Bishop’s Homily for Christmas 2019 - Archived

by Msgr. Robert Siler

The Meaning of Christmas: Bethlehem

(haz clic aquí para leer en español)

Christmas Homily 2019 for the Diocese of Yakima
Isaiah 62:11-2; Titus 3:4-7; Luke 2:15-20
Most Reverend Joseph J. Tyson, Bishop of Yakima

Peace be with you! How might we most easily grasp the meaning of Christmas? Through one word: Bethlehem. By following the advice of the shepherds of the field: “Let us go, then, to Bethlehem.”

Why go to Bethlehem? This might be akin to saying to someone in Seattle that if you really want to be at the center of action, if you really want to know the meaning of life, then go to Yakima. Yakima is the center of wisdom! Yakima is the source of truth! Folks in Seattle will be as skeptical of that advice as they are of that large billboard off I-82 that graces the entrance of our town: “Welcome to Yakima – the Palm Springs of Washington!”

Yet Bethlehem it is! Little Bethlehem becomes the cradle of all wisdom, all hope, all mercy, all love and all salvation because of God-in-the-flesh – our Lord and Savior Jesus Christ? How does this come about?

First permit me to remind you that the link between Jesus and Bethlehem lies in one of the great grandmothers listed in the genealogy of Jesus from St. Matthew’s Gospel. Her name is Ruth. In the Old Testament Book of Ruth, Ruth’s father in-law, Ruth’s brother in-law and Ruth’s own husband all died. Note that Ruth is not Jewish. She’s a Gentile. She is a Moabite woman who marries into this Jewish family that fled to Egypt to escape the famine of ancient Israel.

So, after all the men-folk die, under ancient Jewish Law, Ruth would be obligated to take care of her mother-in-law Naomi. But Naomi tells Ruth that she is releasing her from this Jewish religious legal obligation. She tells Ruth that she is free to return to her family in Moab and that she, Naomi, is going back to her people in Bethlehem. But Ruth refuses to leave her mother-in-law. In some of the most moving words of the Old Testament, Ruth tells her mother-in-law Naomi, “…wherever you go I will go, wherever you stay I will stay, your people will be my people, and your God will be my God.”

Among all the woman of the Old Testament listed in the genealogy of Jesus, it is this Gentile Moabite woman – Ruth – who demonstrates the greatest amount of faith in God as she joins her mother-in-law in a town she’s never been to – Bethlehem. Ironically the very name of this famine-stricken town from which Naomi escaped means “place of the bread.” Bethlehem translates as “place of the bread.”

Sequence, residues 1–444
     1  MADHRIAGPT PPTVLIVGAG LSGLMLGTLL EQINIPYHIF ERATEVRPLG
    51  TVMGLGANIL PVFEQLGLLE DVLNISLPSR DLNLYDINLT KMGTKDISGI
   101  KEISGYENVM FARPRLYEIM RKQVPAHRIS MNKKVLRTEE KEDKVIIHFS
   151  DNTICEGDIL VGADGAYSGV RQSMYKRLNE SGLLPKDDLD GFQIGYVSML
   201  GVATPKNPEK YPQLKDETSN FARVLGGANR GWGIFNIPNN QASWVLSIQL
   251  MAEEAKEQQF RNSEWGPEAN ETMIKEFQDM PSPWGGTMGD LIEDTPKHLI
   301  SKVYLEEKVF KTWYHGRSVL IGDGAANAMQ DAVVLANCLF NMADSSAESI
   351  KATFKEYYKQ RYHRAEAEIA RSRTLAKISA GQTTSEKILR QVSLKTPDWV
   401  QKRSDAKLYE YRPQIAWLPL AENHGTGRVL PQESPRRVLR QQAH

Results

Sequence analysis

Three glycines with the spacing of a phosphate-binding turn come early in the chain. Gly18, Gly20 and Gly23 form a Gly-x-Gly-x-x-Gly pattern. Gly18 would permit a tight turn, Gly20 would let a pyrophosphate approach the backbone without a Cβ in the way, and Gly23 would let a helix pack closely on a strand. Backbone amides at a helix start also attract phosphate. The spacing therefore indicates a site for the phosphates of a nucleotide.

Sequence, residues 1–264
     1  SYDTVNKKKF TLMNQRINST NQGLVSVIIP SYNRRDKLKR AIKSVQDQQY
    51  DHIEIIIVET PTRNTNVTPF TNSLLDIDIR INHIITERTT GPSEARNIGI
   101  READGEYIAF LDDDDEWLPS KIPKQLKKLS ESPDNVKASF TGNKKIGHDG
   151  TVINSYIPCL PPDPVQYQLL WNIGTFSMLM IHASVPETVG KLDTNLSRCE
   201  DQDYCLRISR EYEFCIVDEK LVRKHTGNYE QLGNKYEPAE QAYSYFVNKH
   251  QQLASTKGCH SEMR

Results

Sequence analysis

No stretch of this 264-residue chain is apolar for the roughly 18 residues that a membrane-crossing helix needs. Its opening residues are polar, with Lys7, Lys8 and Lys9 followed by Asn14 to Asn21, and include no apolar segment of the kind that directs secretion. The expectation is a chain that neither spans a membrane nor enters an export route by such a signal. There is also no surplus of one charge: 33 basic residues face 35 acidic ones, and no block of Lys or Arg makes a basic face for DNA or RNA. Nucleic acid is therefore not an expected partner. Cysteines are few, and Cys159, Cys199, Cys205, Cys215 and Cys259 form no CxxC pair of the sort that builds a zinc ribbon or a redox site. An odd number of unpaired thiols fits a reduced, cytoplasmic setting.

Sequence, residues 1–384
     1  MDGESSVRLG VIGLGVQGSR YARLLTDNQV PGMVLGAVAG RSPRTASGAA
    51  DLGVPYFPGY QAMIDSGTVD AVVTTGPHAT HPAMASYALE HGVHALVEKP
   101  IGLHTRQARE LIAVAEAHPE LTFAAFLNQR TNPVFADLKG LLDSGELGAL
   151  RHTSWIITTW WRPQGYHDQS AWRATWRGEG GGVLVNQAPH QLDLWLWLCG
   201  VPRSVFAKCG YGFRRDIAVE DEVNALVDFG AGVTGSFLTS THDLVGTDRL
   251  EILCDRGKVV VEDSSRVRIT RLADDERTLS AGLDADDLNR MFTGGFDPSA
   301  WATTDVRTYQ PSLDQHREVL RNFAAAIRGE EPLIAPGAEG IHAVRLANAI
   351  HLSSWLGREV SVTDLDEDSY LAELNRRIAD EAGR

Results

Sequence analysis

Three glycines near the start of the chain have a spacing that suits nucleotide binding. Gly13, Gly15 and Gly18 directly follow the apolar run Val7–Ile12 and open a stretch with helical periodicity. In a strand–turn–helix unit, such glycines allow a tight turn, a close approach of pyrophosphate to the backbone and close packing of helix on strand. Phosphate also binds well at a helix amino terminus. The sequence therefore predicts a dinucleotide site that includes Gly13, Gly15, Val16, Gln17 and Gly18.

Turning to our Gospel of St. Luke, the details of Jesus birth become all the more meaningful. In Bethlehem – the place of the bread – Jesus lays his head in a “manger.” Probably only during Christmas do we hear the word “manger,” yet this Old English word stems from the Norman French verb to eat – “manger.”

Thus, at the very birth of Christ we have reference to the Eucharist, where we eat the Body and Blood of Jesus Christ in all of his humanity and all of his divinity. Yet, as Pope Emeritus Benedict the Sixteenth notes, this is no ordinary food. When we eat bread, our body assimilates the food. But in the Eucharist, Pope Benedict notes, it’s the other way around. We are assimilated into him. We become part of His Body and His Blood.

St. Augustine put it this way: Estote quod videtis, et accipit quod estis, which roughly translates as “Be what you see and receive what you are.” What did Augustine mean? Patristic scholar Fr. William Harmless, S.J. suggests that St. Augustine had a deep fascination with the connection St. Paul made between the Body of Christ received in the Eucharist and the Body of Christ we become by consuming the Eucharist.

This is why the precise details of our Gospel from St. Luke are so very important. Jesus comes into this world – not as a mighty ruler – but a vulnerable infant. Jesus takes his residence – not in a royal palace – but in an animal stable. Jesus find his home – not with a famous family – but through undocumented parents during the time of the census. Jesus holds court – not with those “wearing soft clothes” in the original Greek text – but to lowly shepherds of the field – the campesinos of their age. Jesus comes – not with a military army – but a “host,” or in English an “army” of Angels. Jesus arrives – not in Rome, the capital city of the powerful Empire of Caesar Augustus – but in the defeated City of David. God enters human history at the “place of the bread” and comes to feed each one of us. Bethlehem.

This is how we will see Jesus too! When we, like the shepherds of the field “keep watch”; when we, like them, go to Bethlehem to witness the entry into our world of this all-powerful God as a vulnerable and tiny infant. Permit me to close by offering this eloquent prayer of our Holy Father Pope Francis as our prayer this night:

“I want to come to Bethlehem, Lord, because there you await me. I want to realize that you, lying in a manger are the bread of my life. I need the tender fragrance of your love so that I, in turn, can be bread broken for the world. Take me upon your shoulders, Good Shepherd; loved by you, I will be able to love my brothers and sisters and to take them by the hand. Then it will be Christmas, when I can say to you: ‘Lord you know everything; you know that I love you.”

Merry Christmas! Peace be with you.

Artwork: Adoration of the Shepherds, Rembrandt van Rijn, 1646.  Click here to view full image.

Homily — Christmas 2019 FINAL.spa

Homily — Christmas 2019 FINAL